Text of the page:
by Emily Marino, Executive Director of the Friends of the Chemung River Watershed.
On May 12 of 2021, I found myself headed out to Savona in southeast Steuben county to attend a fire pit and barbecue. I was all bundled up because it was a chilly night, even by upstate New York standards. It was after hours and I had a designated driver, so I was enjoying a glass of local Finger Lakes wine. My phone buzzed, and I realized the Friends of the Chemung River Watershed Facebook page had a private message. I opened it up, and got the following message:
“Hi! So, I am going to attempt to run the entire Chemung River tomorrow, solo. I just checked out the portage landing in Elmira, and it looks like a difficult landing at these water levels (I checked your website for the river levels). I know this is last minute but I was wondering if you know of anybody in town who might be able to give me a hand around 12:30pm tomorrow, just in case I have a hard time getting out of the water?”
I read this over twice, focusing in on “solo” and “entire Chemung River tomorrow”. I thought, “she must be mistaken… she can’t mean the ENTIRE CHEMUNG RIVER… perhaps she means the entire Chemung River section in Elmira. The entire Chemung River is 45-miles long! And what does she mean… solo??”
I quickly responded:
“Let me email my board and volunteers to see if anyone can help out, as I won’t be in Elmira tomorrow. But I also want to make sure you are safe. Can I ask, have you done this before? I hate to be a downer, but are you going to be completely alone? I am hoping you are well skilled as the water is fast and cold right now. We recommend that you stay out of the water until the air and water temperature combined is about 100-110 degrees Fahrenheit. Also, how are you planning to complete the entire 45-miles on the Chemung all in one day? Even the most skilled kayakers would find that tough… Do you have cold water gear? Sorry to be a pain, I just want you to be safe!”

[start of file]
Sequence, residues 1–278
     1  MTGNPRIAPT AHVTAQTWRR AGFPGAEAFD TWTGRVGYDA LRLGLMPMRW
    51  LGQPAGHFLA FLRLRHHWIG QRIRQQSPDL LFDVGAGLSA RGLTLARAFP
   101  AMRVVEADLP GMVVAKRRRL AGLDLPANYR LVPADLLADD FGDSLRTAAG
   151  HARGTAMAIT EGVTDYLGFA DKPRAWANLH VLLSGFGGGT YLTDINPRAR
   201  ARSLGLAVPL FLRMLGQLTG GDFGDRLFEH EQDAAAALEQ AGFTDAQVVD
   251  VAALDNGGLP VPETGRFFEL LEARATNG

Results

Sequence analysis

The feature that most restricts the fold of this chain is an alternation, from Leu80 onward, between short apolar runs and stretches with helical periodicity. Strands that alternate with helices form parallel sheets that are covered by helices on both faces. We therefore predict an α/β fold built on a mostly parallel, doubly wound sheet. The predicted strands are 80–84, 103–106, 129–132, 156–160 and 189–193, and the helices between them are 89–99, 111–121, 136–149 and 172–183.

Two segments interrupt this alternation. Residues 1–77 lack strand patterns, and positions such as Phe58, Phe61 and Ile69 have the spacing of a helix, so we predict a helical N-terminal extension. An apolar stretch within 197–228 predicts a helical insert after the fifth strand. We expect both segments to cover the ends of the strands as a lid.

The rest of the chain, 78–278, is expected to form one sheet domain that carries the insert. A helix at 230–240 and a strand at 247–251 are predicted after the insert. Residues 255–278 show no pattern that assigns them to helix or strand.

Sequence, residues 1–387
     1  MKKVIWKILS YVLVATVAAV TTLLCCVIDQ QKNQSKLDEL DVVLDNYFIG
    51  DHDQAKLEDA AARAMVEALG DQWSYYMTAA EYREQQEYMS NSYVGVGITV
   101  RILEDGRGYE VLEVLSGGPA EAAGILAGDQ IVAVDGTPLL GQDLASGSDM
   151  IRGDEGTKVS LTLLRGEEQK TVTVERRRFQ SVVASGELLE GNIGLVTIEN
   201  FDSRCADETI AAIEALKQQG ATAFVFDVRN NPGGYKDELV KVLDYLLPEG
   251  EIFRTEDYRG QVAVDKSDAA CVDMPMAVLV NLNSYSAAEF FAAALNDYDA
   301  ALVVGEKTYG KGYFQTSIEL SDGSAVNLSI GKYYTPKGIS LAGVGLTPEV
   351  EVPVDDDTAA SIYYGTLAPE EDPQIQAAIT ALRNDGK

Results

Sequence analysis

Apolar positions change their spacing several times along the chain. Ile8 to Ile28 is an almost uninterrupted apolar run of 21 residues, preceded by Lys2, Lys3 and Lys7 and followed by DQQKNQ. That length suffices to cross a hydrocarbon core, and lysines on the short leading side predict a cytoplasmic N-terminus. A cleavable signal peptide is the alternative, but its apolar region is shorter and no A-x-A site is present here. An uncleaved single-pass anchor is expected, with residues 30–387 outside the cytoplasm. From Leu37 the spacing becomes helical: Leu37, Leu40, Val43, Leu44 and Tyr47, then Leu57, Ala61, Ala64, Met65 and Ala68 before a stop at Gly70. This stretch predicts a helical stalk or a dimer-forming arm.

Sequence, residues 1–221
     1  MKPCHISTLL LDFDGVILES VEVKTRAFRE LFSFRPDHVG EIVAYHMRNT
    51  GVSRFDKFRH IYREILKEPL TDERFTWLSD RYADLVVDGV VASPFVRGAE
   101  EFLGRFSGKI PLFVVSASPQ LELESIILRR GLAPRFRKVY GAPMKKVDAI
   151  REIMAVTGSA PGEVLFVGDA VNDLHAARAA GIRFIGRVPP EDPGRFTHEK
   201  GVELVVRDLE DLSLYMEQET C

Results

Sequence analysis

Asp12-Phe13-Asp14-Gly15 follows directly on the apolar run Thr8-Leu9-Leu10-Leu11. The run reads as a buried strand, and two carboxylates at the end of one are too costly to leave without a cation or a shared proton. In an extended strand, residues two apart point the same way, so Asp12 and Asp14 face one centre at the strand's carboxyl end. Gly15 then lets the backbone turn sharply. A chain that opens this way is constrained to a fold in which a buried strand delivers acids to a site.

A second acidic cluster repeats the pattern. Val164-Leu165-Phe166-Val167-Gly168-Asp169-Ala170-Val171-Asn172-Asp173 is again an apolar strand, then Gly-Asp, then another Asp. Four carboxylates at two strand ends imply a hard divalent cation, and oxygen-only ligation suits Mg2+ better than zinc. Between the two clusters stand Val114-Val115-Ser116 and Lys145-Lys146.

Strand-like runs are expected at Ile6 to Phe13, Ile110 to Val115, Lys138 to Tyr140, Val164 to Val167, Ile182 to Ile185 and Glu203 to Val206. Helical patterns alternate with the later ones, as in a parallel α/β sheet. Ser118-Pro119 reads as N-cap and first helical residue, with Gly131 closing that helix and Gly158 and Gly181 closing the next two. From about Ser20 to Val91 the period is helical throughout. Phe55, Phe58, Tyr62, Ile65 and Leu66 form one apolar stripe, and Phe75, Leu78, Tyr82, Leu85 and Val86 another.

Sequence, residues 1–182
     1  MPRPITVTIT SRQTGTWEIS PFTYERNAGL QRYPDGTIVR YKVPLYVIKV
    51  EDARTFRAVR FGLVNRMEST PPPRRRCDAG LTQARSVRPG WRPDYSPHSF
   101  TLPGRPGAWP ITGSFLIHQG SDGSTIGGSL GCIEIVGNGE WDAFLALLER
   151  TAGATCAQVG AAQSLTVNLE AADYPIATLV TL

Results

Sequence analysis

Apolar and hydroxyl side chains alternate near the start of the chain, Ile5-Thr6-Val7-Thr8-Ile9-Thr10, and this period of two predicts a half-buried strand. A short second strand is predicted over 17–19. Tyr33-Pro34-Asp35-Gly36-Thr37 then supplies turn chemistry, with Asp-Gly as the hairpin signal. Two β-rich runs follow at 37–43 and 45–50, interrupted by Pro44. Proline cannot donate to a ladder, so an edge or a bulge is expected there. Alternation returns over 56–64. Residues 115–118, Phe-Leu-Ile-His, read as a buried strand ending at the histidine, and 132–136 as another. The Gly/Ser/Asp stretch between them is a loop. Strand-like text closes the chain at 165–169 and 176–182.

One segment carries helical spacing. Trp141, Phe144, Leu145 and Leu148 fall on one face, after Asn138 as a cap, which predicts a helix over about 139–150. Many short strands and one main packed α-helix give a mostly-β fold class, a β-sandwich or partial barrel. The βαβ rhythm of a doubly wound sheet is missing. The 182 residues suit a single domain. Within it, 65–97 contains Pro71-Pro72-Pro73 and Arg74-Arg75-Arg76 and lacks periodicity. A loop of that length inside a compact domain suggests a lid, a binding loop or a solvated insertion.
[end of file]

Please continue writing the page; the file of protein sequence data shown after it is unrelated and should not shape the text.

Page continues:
Hoping I did not offend her, but happy I voiced my concern, I waited for her response:
“Thanks! And no worries, I appreciate the concern! Yes, I will be solo, I have someone running a “float plan” for me that I will be checking in with periodically. I have done various sections of the Chemung with Corning at 17.5 ft. river levels, which is what it looks like it will be tomorrow. I have also done some other marathon kayaking trips, and this current will give me some much needed assistance. I do have cold water gear, as I start my kayaking season in early April.”
Phew! That made me feel better! I proceeded to find her a person to help her get her kayak up and over the portage, to safely navigate the Chase-Hibbard Dam in Elmira. Due to the dangers of this Dam, our organization installed a portage that allows you to get out of the Chemung River, and walk your boat up and over the Dam on the Southside of the riverbanks in Elmira. We also installed “DANGER DAM AHEAD” signs on the Walnut Street Bridge, and people can see the “Don Hall Portage” sign to get up and off the river as they come closer to the Dam. This is the portage she was referring to, and we always want to help our community enjoy the River. So she was off on her adventure – all set for tomorrow, and I felt assured that she could handle herself on the River.